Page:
In Langer’s conception, artistic creation is a process of objectification. Because the artist’s insights into the dynamics of subjective experience are inseparable from his explorations of the expressive possibilities of some medium, his insights are set forth, worked out, and brought to completion through their embodiment in an object. In this way they are made publicly available, publicly knowable, and, in all these senses, objectified. The resulting work of art sets some “piece of inward life objectively before us so we may understand its intricacy, its rhythms and shifts of total appearance” (PA 24); it is “a perceptible form that expresses the nature of human feeling—the rhythms and connections, crises and breaks, the complexity and richness of what is sometimes called man’s ‘inner life,’ the stream of direct experience, life as it feels to the living” (PA 7). In this way, “art makes feeling apparent, objectively given so we may reflect on it and understand it” (PA 73).

Art is indispensable as both a product and an instrument of human insight because it makes possible the formulation of what is otherwise inaccessible to us through the discursive resources of language; and by virtue of these cognitive functions the arts play a role in the cultural construction of subjective experience. Langer argued that every human society has a characteristic undercurrent of feelings that are peculiar to it, which every member of the society shares to some degree, and within which every individual “develops his own life of feeling within the frame of the style prevailing in his country and his time” (PS, 95). This background of feeling, Langer believed, is deeply influenced by the products of artistic creation that form part of the cultural environment.

As the arts provide essential insight into the patterns and contours of subjective experience and shape the background of personal feeling shared by the members of a society and an era, they also contribute to what Langer called “the subjectification of nature” (PA, 73), which is “the converse and complement” of their role in “the objectification of feeling” (PA, 72). In seeing, hearing, and reading works of art, we receive an education in artistic sensibility that teaches us to appreciate the potential artistic significance of aspects of ordinary reality. “Whenever art takes a motif from actuality,” Langer writes, such as “a flowering branch, a bit of landscape, a historic event, or a personal memory,… it transforms it into a piece of imagination and imbues its image with artistic vitality. The result is an impregnation of ordinary reality with the significance of created form” that makes “reality itself a symbol of life and feeling,” and thereby “personally [and humanly] significant” (PA, 73). Because “the arts objectify subjective reality, and subjectify outward experience of nature” (PA, 74), Langer believed that an education in the arts provides an education in feeling that is essential to human flourishing.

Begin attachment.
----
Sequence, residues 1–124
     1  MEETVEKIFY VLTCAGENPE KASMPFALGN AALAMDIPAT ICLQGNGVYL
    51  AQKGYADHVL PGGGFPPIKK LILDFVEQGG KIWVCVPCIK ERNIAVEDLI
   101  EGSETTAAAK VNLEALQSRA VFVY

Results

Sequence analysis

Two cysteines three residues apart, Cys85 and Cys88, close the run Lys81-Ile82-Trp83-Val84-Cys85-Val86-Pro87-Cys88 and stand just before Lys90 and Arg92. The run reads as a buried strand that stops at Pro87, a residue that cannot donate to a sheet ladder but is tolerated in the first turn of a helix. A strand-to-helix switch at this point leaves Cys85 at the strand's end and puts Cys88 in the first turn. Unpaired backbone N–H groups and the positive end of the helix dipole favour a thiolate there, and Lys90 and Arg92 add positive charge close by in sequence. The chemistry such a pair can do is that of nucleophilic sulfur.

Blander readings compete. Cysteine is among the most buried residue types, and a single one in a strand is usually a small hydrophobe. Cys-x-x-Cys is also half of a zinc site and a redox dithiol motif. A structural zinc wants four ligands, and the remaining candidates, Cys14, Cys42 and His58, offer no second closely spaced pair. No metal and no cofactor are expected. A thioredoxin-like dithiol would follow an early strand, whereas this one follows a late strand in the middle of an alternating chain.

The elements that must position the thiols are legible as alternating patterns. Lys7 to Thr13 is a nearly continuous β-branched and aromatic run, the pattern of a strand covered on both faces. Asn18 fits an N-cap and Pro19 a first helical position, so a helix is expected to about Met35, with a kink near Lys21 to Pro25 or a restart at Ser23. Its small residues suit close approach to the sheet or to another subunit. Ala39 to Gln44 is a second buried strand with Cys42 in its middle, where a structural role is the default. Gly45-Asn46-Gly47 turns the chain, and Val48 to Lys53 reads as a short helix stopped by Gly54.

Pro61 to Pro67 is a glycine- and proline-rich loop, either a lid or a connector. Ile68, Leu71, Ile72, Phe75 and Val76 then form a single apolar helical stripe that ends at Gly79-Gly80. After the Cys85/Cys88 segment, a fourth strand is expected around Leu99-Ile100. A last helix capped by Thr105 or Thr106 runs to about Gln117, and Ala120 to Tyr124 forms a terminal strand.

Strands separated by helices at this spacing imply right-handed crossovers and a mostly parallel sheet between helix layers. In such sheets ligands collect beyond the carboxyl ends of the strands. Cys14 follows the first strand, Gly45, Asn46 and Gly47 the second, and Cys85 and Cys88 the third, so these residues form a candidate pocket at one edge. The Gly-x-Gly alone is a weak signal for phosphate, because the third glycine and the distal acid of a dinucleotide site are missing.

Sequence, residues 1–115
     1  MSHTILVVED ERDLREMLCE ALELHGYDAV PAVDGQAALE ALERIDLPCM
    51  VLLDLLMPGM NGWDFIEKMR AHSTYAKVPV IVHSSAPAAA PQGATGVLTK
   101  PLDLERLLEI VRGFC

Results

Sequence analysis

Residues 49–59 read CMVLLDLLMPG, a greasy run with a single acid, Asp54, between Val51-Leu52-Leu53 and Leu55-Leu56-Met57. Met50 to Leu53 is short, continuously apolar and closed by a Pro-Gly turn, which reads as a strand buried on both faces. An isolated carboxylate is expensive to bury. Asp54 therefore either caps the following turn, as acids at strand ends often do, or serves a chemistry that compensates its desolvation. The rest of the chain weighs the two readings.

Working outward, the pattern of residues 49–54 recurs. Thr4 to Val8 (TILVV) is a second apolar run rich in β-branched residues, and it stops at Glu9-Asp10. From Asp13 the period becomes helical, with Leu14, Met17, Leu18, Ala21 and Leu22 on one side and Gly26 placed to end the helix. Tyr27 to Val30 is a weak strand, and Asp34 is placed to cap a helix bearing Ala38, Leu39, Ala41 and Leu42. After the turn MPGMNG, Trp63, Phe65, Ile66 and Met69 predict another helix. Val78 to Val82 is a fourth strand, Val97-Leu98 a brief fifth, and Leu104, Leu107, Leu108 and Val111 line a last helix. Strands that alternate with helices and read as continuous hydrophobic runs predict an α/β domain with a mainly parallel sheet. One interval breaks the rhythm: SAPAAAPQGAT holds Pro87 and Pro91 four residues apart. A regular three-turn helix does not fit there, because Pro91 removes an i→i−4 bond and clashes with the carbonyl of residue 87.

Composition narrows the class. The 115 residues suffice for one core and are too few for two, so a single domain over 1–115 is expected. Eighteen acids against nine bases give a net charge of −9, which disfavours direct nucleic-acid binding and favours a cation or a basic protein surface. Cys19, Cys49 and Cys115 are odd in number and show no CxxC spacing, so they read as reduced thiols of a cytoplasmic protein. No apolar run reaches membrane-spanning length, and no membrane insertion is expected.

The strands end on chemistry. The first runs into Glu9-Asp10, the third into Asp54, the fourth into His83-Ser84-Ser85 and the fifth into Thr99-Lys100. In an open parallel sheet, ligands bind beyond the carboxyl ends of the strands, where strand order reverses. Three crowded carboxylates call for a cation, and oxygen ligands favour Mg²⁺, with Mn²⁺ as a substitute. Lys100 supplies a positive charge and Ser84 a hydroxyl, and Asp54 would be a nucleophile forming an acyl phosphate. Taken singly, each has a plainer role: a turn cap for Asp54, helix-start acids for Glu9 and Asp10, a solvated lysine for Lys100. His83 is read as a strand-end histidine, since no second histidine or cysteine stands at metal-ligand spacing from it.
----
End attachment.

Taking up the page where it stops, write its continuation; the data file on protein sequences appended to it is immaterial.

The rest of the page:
Conclusion: The Dialectical Constitution of Human Experience

I began this paper by introducing the notion of the horizon as Langer’s central metaphor for the limits of “perceptions, reactions, feelings, and ideas” (PNK, 5) that characterize an age and a society—a unique configuration that is determined by the conceptual resources with which the people of a specific time and place meet and formulate their experience. For the convenience of exposition, I have presented the inner and outer worlds as separate domains of experience—the former expressed and shaped by the products of artistic creation and the latter by the symbolic resources of sense experience, language, and the more specialized modes of knowledge and inquiry—in accordance with what Langer described as the familiar “dichotomy of subject and object, perceiver and perceived,” the basic metaphysical dualism which traditional epistemology has assumed “to be simply given in the nature of things and ineluctable” (M 1:31).

But Langer rejected the assumption “that some phenomena are intrinsically objective and others intrinsically subjective” (M 1:38). Instead, she argued that many important phenomena of mind and culture can only be understood by assuming a “dialectical interplay between subjective and objective elements in human experience” (PS 13), in which the boundary between them is constructed and maintained by a variety of imaginative and conceptual processes and is capable of undergoing intriguing shifts and reversals. Subjectification and objectification are the terms Langer used for the fundamental processes—essentially dependent upon the use of cultural (or what she called “symbolic”) resources—in which the contrasting characteristics of experience we call “subjective” and “objective” are built up, stabilized, and transformed, and with them, our conception of what constitutes the “inner” and “outer” world.

The configurations of human experience exhibit recurring patterns of formation and transformation that are closely tied to the generation, exhaustion, and renewal of conceptual resources that are embodied in a variety of cultural products built up and maintained by cultural practices. As Langer sought to portray it, the very form of the human world—the configurations of what we take to be the inner and outer worlds and the shifting boundary between them—is uniquely dependent on the contingencies of time and place and on the cultural resources that are available for its construction.



[i] I have used the following abbreviations in referring to the works of Susanne Langer:

FC           “Form and Content: A Study in Paradox,” Journal of Philosophy 23 (1926), 435-438.

FF           Feeling and Form (New York: Scribner’s, 1953).

FLP         “Facts: The Logical Perspectives of the World,” Journal of Philosophy 30 (1933), 178-187.

LAM      A Logical Analysis of Meaning (Radcliffe College: unpublished doctoral dissertation, 1926).

M            Mind: An Essay on Human Feeling, three volumes (Baltimore: Johns Hopkins University Press, 1967, 1972, 1982).

PNK        Philosophy in a New Key: A Study in the Symbolism of Reason, Rite, and Art (Cambridge: Harvard University Press, [1942], third ed. 1957).

PA          Problems of Art (New York: Scribner’s, 1957).

PP           The Practice of Philosophy (New York: Henry Holt, 1930).

PS           Philosophical Sketches (Baltimore: Johns Hopkins Press, 1962).

[ii] Alfred North Whitehead, Science and the Modern World (New York: Macmillan, 1925); quoted in PNK, 5.

[iii] C. D. Burns, “The Sense of the Horizon,” Philosophy 8 (1933), 301-317; quoted in PNK, 5..